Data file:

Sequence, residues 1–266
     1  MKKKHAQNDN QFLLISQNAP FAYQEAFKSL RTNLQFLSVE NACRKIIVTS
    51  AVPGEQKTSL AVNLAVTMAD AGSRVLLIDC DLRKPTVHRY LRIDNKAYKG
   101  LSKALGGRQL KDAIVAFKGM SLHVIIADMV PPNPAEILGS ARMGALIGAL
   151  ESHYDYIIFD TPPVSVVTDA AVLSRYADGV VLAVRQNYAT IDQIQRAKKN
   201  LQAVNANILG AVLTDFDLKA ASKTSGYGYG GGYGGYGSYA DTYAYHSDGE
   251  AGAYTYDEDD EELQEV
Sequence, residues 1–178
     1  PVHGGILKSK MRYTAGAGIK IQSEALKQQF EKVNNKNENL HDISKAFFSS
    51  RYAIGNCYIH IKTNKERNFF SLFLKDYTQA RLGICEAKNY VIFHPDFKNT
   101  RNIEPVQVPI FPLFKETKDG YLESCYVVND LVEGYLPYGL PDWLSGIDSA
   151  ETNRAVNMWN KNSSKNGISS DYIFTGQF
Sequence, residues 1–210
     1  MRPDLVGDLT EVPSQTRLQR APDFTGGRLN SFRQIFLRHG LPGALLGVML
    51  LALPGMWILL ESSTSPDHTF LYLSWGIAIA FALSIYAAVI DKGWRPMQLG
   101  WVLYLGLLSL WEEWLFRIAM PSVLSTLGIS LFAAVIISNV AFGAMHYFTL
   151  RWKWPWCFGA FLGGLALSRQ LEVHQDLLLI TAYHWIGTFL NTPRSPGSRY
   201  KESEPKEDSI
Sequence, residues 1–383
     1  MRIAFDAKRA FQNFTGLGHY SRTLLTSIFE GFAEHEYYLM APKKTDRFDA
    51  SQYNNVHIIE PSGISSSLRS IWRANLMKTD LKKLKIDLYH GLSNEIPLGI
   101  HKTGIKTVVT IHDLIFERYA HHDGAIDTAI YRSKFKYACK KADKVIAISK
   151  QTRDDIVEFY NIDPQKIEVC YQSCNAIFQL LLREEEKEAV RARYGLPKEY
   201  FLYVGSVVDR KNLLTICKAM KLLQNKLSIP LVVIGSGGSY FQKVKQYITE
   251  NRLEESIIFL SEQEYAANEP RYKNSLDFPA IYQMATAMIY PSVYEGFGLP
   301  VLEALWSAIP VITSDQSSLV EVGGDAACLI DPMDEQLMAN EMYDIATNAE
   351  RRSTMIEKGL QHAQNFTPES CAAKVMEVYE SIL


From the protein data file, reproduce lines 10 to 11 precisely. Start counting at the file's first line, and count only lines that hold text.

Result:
    51  RYAIGNCYIH IKTNKERNFF SLFLKDYTQA RLGICEAKNY VIFHPDFKNT
   101  RNIEPVQVPI FPLFKETKDG YLESCYVVND LVEGYLPYGL PDWLSGIDSA